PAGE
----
Find your community

Students smiling

There are so many reasons to study engineering – from being able to work in a well-paying job right after graduation to applying your knowledge and critical-thinking skills to make things better. Here’s another reason to add to the long list: the incredible community you’ll join from the very first day you step on campus.


A welcoming community of diverse individuals

If you read through the profiles of UBC Engineering students and alumni, one thing comes through loud and clear: this is an inclusive community where you will make lasting friendships. 

Our program attracts a diverse group of students, from both across Canada and internationally. 

They have very different backgrounds, interests and personality types. Yet they share a curiosity about the world and are willing to put in the time and energy to transform seemingly daunting challenges into innovative solutions.

Students and alumni

Group projects promote connections

Starting in your first year, many of your class assignments will be group-based design projects. You will be part of a team of students asked to come up with a solution for an open-ended problem. You might meet your new best friend through these group projects or just make a connection with a new study partner. 

“One of the projects you do in first-year engineering is to build a cardboard chair,” says alum Divya Budihal, who is now a robotics and autonomy software engineer at Zipline (a company that uses drones to deliver medical projects). “Every single person on my team ended up going into a different specialization, which I think was our superpower! We won an award for best design and briefly considered whether we should launch our chair as a product. I became very close with one team member who also shared my passion for global development and we worked on a start-up idea together for a few years afterwards.”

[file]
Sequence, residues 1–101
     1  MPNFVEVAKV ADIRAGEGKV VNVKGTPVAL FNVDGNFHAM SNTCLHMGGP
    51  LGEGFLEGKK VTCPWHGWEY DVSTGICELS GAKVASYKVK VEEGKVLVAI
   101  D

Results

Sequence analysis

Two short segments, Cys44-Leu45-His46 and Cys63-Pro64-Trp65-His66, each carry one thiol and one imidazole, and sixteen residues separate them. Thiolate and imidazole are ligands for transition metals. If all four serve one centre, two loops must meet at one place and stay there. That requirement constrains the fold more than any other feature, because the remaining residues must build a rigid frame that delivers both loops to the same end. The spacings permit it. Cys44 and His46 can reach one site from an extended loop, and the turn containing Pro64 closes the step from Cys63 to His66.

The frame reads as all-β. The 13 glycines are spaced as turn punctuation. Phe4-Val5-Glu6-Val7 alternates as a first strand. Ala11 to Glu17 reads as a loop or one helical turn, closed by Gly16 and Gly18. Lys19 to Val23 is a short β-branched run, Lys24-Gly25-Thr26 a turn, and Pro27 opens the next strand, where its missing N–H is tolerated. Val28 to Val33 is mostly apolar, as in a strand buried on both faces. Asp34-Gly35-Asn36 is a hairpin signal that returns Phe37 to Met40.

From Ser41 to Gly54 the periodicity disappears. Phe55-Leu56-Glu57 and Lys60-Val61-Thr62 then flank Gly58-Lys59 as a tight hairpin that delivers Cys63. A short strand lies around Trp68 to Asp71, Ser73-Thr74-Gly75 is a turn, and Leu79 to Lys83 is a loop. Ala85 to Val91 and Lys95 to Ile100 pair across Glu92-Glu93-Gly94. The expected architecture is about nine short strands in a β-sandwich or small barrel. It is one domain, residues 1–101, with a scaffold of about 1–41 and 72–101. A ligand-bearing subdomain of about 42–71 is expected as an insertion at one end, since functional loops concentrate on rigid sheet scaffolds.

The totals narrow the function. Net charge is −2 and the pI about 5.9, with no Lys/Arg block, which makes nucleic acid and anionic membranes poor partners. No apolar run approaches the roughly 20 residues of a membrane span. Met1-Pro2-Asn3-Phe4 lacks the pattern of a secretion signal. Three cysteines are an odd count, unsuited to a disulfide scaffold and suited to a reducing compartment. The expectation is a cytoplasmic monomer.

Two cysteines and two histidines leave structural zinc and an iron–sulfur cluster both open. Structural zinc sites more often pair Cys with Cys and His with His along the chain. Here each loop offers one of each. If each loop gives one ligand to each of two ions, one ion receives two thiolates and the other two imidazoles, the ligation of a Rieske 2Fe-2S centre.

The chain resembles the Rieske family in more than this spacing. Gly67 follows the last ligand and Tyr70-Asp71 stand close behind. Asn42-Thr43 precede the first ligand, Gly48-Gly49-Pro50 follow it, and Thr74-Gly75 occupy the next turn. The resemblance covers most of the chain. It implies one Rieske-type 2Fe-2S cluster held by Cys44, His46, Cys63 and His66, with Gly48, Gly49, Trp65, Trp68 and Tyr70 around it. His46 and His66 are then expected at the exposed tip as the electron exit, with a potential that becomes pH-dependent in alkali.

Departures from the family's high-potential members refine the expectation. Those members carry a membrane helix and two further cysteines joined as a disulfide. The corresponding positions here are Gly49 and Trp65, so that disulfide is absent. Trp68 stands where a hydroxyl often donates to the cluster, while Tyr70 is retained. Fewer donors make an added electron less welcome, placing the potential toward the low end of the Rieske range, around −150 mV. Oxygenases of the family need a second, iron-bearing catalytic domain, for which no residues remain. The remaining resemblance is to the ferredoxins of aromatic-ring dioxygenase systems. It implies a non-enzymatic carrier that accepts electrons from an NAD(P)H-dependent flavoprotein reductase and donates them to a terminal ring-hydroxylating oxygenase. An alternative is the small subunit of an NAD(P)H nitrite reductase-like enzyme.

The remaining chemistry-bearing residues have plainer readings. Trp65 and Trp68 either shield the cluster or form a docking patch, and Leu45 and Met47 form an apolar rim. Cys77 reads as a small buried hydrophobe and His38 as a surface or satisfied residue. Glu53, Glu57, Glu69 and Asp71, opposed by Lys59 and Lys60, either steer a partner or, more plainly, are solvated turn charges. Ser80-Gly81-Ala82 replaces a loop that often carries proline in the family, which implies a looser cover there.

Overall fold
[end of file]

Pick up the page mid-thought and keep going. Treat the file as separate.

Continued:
Another advantage of this focus on group work is that you’ll be learning skills for life. 

You’ll learn how to work effectively in a team, building on each member’s strengths and integrating the diverse perspectives of your peers to solve engineering challenges that affect us all. 

As Biomedical Engineering student Madhini Vigneswaran says: “Group projects are very important – it’s how things get done in the real world! In biomedical engineering, you have to connect and work with medical professionals, as well as engineers and other. Knowing how to communicate, be part of or lead a team, resolve conflicts – all those skills are really enhanced over your engineering degree.” 

Foundation year  Cardboard chair project  

Zipline  Biomedical Engineering


Madhini Vigneswaran


Events foster community

Although students entering first year are sometimes apprehensive about how easy it will be to make friends, UBC Engineering students tell us that this is not the case at all. Group study sessions and events are easy ways to connect with others. 

“The engineering community is a definite highlight of the program,” says Electrical Engineering student Jasia Azreen. “There’s a lot of support for students, including tutoring and mentoring sessions hosted by the Engineering Undergraduate Society as well as more general ones from AMS.”

A few years into her time at UBC, Sharlene Santiago switched into engineering from science. Here’s what she had to say about the difference between the two: As a science student, I tried making friends the usual ways, but it was really hard. In engineering, it was so much easier. Everyone was encouraged to join the group chat for their discipline and you could get updates on events and easily to reach out to people in your classes. Engineering is often viewed as a difficult program, and it is. But there are lots of support systems in place and the community is very tight knit."

Engineering Undergraduate Society  AMS

Don’t forget all the stuff going on outside of class! Vancouver and Kelowna are vibrant cities, and both are located next to world-renowned areas for outdoor adventure. 

University is a lot more than just coursework, and you’ll be amazed at all the experiences available to you.

UBCV and UBCO have something for everyone

Learn from others on design teams

Design teams are a great way to meet people and learn from others – and UBC has more student engineering design teams than any university in Canada. Whether you’re interested in aircraft or cars, robotics or sustainability, there will be a team for that.

Teams are entirely student run. And while they can be a lot of work, they are an incredible way to dive into an area you are passionate about (and perhaps travel internationally to enter a competition, as well!).